I represent the moderate, surface-level left that has been (to nationwide excitement) increasing its electoral presence as of late. Just months ago, young Democratic-Socialist Alexandria Ocasio-Cortez beat 10-term incumbent Joe Crowley in NY-14, a success echoed in state and local races across the country — Virginia, North Carolina, Michigan, Arizona and Hawaii. In the age of Trump, when conservatism has finally shed its civil veil to reveal that it is, in fact, an ideology built on paranoia and on protecting oppressors of all kinds, the awakening of America to the idea that things could be different— indeed, could be a hell of a lot better— is beginning to show signs.

Are those signs well within the system we should eventually seek to replace? Yes, sure. But how else should a revolution start? America has reached a pivotal intersection in the fabric of class, society and government, and the decisions we make and people we elect in the next five or 10 years will shape the new era of Western ideology. That’s exciting! It’s absurd to treat the chance to influence the next century of policy in the most powerful nation on Earth as a chore, no matter how you want to steer the ship.

Even when the palette of options you’re handed isn’t what you want, go with the best you’ve got. My strategy is, and will always be, to vote as far left as I can. If there’s a socialist running who’s got a decent shot (like here in Boone?) great, there’s my vote. If not, I’ll vote for a centrist Democrat if I need to, or even an ineffectual, bland conservative over a screaming, gun-flailing nutjob (like back home). I admire and respect those pushing for radical change and direct action, but I see no harm in setting those goals against a backdrop of gradualism.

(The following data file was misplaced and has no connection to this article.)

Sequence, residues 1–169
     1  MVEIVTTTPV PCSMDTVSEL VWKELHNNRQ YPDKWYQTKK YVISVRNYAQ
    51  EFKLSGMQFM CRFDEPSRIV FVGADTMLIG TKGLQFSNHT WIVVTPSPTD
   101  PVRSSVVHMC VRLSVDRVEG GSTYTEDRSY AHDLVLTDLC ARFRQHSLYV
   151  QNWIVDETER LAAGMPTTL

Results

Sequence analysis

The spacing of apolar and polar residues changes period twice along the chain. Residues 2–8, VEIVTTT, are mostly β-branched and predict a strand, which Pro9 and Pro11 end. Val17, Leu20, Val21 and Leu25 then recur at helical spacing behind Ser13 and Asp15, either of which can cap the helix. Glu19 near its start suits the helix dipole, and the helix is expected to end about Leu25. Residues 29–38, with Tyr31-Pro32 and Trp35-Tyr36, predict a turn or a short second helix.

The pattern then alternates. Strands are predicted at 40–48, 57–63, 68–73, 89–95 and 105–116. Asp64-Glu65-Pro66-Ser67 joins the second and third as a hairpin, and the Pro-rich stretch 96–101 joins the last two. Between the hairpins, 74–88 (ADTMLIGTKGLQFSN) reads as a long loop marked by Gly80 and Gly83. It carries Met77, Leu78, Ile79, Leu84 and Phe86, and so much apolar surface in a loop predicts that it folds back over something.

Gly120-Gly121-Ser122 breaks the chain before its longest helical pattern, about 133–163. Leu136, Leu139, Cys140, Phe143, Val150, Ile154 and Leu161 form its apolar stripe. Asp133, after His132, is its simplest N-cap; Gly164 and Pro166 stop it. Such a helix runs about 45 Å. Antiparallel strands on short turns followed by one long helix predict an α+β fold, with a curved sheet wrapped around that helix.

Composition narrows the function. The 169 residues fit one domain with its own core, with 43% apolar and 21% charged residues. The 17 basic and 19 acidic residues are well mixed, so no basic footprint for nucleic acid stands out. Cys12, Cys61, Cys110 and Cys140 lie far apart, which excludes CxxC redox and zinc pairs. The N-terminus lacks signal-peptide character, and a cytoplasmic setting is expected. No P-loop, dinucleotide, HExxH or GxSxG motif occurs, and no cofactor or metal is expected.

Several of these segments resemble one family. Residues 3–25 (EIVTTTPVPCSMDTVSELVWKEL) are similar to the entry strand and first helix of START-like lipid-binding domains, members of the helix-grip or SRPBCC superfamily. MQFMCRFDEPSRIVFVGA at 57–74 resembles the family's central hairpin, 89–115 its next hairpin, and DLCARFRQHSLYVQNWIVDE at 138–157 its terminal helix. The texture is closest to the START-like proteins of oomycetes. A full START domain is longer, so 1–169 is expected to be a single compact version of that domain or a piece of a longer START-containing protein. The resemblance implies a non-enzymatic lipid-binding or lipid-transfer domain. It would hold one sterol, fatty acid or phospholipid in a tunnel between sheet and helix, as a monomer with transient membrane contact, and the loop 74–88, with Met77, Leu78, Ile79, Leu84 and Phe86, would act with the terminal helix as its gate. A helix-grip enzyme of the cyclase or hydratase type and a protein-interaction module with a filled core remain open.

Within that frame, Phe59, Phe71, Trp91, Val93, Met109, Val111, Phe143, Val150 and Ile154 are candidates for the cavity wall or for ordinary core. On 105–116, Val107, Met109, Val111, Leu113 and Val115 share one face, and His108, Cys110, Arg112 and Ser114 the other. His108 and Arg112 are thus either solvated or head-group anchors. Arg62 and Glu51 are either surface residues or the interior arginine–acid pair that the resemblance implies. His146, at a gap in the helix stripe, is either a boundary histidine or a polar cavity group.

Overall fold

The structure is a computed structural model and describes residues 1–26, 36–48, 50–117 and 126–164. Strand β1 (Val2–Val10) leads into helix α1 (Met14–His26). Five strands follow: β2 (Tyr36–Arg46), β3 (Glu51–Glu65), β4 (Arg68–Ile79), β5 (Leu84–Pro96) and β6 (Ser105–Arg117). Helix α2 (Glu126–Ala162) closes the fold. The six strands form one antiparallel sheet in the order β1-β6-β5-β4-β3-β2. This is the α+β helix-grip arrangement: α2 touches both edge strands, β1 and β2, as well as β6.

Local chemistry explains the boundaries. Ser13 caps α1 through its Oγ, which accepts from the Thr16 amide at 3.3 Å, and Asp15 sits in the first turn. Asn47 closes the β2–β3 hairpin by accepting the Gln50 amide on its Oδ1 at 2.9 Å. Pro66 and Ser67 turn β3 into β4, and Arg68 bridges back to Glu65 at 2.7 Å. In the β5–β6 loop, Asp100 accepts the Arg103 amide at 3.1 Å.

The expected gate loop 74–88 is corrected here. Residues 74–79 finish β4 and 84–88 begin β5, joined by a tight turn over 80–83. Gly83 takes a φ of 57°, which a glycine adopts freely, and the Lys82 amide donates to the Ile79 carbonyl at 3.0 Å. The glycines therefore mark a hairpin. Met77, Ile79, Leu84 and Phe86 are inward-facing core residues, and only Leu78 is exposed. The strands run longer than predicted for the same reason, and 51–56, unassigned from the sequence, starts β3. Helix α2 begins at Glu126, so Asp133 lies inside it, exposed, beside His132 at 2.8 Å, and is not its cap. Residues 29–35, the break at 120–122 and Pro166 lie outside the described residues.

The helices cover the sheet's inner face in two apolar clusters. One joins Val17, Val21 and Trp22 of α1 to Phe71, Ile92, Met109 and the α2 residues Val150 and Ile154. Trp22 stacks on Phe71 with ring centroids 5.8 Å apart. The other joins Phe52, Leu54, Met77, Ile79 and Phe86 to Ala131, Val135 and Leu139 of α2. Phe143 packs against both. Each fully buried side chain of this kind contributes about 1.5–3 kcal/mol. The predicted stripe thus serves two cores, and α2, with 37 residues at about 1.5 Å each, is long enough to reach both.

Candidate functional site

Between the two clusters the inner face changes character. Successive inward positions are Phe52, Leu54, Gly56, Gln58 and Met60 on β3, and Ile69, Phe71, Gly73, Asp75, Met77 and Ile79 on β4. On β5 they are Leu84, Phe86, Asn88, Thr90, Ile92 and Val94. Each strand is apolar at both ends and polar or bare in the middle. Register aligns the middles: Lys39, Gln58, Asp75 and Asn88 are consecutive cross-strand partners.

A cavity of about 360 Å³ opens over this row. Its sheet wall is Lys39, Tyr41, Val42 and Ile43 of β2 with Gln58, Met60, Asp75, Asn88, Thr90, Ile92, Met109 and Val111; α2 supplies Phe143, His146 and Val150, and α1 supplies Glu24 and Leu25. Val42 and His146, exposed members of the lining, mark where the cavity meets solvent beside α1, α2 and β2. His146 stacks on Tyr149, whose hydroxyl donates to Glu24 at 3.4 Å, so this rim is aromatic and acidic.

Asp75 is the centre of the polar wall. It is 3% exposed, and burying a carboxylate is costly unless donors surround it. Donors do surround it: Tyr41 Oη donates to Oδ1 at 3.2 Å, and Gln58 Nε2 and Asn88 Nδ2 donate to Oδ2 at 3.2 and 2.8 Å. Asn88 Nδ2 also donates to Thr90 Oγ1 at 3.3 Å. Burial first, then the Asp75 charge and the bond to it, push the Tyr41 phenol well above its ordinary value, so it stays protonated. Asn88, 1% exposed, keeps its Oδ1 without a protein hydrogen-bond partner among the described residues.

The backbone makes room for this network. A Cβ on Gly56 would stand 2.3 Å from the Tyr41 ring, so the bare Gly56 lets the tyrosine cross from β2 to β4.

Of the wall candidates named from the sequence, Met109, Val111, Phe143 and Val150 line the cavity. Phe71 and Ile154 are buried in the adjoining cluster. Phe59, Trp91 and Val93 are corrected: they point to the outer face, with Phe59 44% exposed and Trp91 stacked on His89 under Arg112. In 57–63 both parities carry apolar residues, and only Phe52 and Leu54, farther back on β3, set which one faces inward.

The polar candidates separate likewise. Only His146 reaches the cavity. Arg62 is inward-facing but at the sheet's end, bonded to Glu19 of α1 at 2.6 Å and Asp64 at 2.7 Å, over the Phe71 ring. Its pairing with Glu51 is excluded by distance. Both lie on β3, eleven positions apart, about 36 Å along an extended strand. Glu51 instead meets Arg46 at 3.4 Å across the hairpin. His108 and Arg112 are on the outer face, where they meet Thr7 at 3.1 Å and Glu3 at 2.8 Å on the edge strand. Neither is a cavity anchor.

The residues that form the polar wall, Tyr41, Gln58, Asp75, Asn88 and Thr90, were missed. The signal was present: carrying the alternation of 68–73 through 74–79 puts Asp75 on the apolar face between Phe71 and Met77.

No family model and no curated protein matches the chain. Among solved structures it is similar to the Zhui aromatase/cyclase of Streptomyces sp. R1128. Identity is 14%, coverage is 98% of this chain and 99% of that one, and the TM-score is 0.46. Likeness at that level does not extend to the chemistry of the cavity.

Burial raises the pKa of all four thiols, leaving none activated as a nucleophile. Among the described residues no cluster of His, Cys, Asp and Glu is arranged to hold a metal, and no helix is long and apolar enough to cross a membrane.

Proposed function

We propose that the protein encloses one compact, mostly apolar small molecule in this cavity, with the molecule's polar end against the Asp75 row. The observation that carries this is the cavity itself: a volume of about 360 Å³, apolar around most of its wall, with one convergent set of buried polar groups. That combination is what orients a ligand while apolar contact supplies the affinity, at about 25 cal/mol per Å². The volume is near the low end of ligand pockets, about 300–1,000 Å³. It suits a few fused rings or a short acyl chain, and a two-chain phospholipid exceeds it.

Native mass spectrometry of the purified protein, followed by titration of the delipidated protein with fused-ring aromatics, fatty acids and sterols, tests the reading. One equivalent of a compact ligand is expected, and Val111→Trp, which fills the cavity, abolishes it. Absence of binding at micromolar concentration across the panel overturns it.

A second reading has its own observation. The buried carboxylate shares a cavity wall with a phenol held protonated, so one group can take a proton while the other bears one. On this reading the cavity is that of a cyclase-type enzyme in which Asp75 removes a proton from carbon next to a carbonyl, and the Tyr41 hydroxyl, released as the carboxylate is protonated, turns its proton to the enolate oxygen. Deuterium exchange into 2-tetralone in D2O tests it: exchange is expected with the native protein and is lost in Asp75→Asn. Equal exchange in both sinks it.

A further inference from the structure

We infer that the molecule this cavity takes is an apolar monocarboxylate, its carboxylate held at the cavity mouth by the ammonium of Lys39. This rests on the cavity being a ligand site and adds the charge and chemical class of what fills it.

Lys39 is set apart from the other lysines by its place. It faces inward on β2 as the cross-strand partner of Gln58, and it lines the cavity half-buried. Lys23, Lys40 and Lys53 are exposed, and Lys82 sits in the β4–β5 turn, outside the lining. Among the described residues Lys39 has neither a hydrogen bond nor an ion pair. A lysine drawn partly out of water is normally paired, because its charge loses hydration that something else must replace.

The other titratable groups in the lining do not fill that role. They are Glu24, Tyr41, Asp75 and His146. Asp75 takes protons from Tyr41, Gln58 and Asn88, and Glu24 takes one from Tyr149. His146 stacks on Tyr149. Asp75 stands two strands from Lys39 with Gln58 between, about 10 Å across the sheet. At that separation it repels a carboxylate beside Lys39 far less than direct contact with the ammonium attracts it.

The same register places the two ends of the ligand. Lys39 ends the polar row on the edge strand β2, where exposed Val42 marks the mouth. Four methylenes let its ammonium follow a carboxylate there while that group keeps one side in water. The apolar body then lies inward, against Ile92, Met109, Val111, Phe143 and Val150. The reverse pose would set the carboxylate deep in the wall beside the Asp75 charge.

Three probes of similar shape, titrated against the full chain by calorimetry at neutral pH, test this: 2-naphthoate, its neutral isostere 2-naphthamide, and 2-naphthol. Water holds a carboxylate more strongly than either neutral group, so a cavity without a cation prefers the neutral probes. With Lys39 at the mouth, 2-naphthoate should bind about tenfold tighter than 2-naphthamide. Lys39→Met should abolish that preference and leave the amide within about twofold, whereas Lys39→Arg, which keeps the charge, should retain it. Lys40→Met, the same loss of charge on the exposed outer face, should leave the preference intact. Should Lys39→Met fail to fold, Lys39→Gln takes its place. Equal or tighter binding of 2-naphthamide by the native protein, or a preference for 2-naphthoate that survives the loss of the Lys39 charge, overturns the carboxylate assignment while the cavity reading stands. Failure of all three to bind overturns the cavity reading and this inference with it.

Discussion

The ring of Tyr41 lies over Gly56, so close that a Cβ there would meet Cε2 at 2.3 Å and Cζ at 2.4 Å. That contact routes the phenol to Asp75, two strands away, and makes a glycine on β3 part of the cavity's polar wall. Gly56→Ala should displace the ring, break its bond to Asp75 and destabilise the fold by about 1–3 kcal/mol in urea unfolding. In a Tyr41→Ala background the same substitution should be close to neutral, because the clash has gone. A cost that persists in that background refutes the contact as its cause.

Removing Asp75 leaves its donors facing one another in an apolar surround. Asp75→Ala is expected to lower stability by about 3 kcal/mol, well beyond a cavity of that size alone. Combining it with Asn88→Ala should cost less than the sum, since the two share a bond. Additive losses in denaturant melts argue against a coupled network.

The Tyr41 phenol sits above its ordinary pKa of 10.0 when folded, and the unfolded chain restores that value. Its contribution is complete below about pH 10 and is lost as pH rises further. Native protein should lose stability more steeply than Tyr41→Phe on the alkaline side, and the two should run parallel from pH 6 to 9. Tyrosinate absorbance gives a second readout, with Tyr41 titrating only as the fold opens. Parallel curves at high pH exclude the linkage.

So my plea to the radicals of all stripes is to vote. Participate in the system no matter how harsh your critique of American democracy; because a true reformist will use every scrap of leverage they’ve got to push their agenda. Maybe you don’t think of voting as a great option, and in many cases I’d agree. But here and now, in the short game, it’s the best option available, and we must collectively take it as a step toward the future we want for this country.

Finally, while I’m up here on this platform, I’d like to endorse DD Adams for House of Representatives, and Anybody Who Is Not Jim Jordan for State House.

Written by: Jack Grimes, President of Boone Democratic Socialists of America

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Letter to the Editor: Vote, even if you think it’s dumb